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The U.S., Iran, & Khuzestan
The first front in a possible U.S. war on Iran?
A s their forces are bogged down in Iraq, George W. Bush and Tony Blair continue to lay the groundwork for their next military expansion—in Syria or Iran. A confrontation with Iran, in particular, has long been in the cards. Three years before the Iraq invasion, the Project for the New American Century asserted, Iran “may well prove as large a threat to U.S. interests in the Gulf as Iraq has.”
When the U.S. media reports on the growing confrontation with Iran, it invariably focuses on Tehran’s nuclear program, Iranian leaders’ verbal sparring with Israel and how outside challenges are strengthening the hand of Iranian “conservative” hardliners against “moderate” reformers.
Little attention has been paid to the potential role of ethnic minorities in the Iran crisis, particularly of the Iranian Arab minority, which is centered in the southwestern province of Khuzestan. Events in this oil-rich province bordering Iraq could serve as a harbinger of U.S.-British intentions in Iran and expose Khuzestan as Iran’s Achilles Heel. Recently, a series of bombings and ethnic clashes have begun to show that something is rotten in Khuzestan, which could be an early warning of a coming war. Last June former UN weapons inspector Scott Ritter warned that the U.S. was building up military capabilities in Azerbaijan, on Iran’s northern border, and sponsoring rebel bombings inside Iran.
The obstacles to a full-scale invasion of Iran would at first glance appear to be formidable. As Ivan Eland has observed, “Invading Iran would likely make the bloody quagmire in Iraq look like a picnic. Iran has nearly four times the territory and three times the population of Iraq. Also, Iran’s terrain is much more mountainous than Iraq’s and even more ideal for guerrilla warfare.”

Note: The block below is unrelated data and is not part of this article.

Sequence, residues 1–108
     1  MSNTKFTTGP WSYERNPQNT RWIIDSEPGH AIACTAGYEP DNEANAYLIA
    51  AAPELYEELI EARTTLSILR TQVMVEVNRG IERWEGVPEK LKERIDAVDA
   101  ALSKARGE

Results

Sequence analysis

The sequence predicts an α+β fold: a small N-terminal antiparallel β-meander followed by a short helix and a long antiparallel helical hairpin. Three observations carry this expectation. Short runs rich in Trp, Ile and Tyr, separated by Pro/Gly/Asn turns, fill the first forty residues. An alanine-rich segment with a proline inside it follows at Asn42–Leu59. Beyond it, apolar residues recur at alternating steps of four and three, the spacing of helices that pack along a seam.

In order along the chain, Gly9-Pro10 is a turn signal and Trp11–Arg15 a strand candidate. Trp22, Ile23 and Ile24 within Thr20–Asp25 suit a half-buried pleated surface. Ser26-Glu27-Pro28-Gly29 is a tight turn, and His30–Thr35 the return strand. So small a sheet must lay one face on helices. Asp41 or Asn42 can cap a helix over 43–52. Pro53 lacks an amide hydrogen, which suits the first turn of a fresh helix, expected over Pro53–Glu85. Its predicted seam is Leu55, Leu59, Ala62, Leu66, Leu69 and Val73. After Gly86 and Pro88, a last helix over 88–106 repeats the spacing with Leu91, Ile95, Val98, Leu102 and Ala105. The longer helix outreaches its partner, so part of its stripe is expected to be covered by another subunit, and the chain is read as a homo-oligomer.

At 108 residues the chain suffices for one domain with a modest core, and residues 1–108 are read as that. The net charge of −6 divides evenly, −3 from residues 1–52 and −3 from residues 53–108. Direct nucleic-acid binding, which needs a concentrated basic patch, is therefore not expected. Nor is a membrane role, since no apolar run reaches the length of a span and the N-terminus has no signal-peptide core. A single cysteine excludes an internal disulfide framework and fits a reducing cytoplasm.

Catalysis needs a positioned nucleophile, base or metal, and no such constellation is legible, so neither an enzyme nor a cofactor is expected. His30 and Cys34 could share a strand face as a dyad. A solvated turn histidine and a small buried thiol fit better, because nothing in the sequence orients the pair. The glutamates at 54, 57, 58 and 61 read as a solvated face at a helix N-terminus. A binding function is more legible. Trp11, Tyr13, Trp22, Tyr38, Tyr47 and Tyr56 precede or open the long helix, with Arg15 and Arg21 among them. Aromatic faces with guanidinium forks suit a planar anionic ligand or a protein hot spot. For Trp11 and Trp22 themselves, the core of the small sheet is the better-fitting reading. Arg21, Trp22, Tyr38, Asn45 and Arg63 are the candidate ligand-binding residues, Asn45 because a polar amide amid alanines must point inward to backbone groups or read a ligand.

If ethnic tensions in Khuzestan province can be effectively exploited by the U.S. and Britain, they may feel that a more limited destabilization or invasion will put Iran’s main oil province under Western control. In other words, the prospects of an invasion may loom larger simply because Bush thinks it can be a “mission accomplished” with less effort than an all-out conquest of Iran. Bush and Blair have used the prospects of civil war to justify their continuing occupation of Iraq (though their actions appear to be stimulating an Iraqi civil war). They are not above stimulating a little ethnic strife to get their way next door in Iran.
Most of Iran’s crude oil deposits are contained within Khuzestan.
Like in Iraq, Nigeria, or Colombia, much of the oil is under the
lands of an historically aggrieved ethnic minority. The Arab Shi’ites
living on the plains of Western Khuzestan share both their ethnicity
and faith with the majority Arab Shi’ites across the strategic
Shatt al-Arab waterway in Iraq. Arabs make up only 3 percent of
Iran’s population, but a majority (or at least a plurality)
of about 3 million live in Khuzestan (which some Arabs call “Ahwaz”
or “Arabistan”). Iranian-speaking Luri and Bakhtiari tribes
inhabit the Zagros mountain range to the east. Persians live in
the large provincial cities, such as Abadan, Khorramshahr, Ahvaz,
Dezful, and Bandar-e Khomeini.
A Key Pivot
or centuries Khuzestan was the seat of the
ancient civilization of Elam, with its capital at Susa. It was overrun
by numerous civilizations and tribes, including the Persian Empire
in 539 BC, and often functioned as a frontier zone between empires.
Arabs from Basra colonized the province in 642 AD, though it usually
has been formally controlled by Persia.
In 1897 the British Empire backed Khuzestani Arab rulers to secede from Persia and become the de facto British protectorate of Arabistan (much as the British did in neighboring Kuwait). The entire southern zone of Persia was declared a British “sphere of influence” in 1907 and the following year a British adventurer discovered oil in Arabistan, at Masjed Soleyman. The discovery created the Anglo-Persian Oil Company, later renamed British Petroleum (BP). In 1925 Reza Shah’s forces retook Arabistan and renamed it Khuzestan, as he renamed Persia as Iran a decade later.
British troops occupied Khuzestan during World War II, but after the war Iranians grew more concerned that Westerners had a stranglehold on their oil wealth. In 1951 the Iranian nationalist leader Mohammed Mossadegh nationalized the oil industry based mainly in Khuzestan (including Anglo-Iranian’s holdings), drawing the wrath of Western powers. Two years later a CIA-engineered coup ousted Mossadegh and installed Shah Reza Paevi, who openedU.S.British oil concession.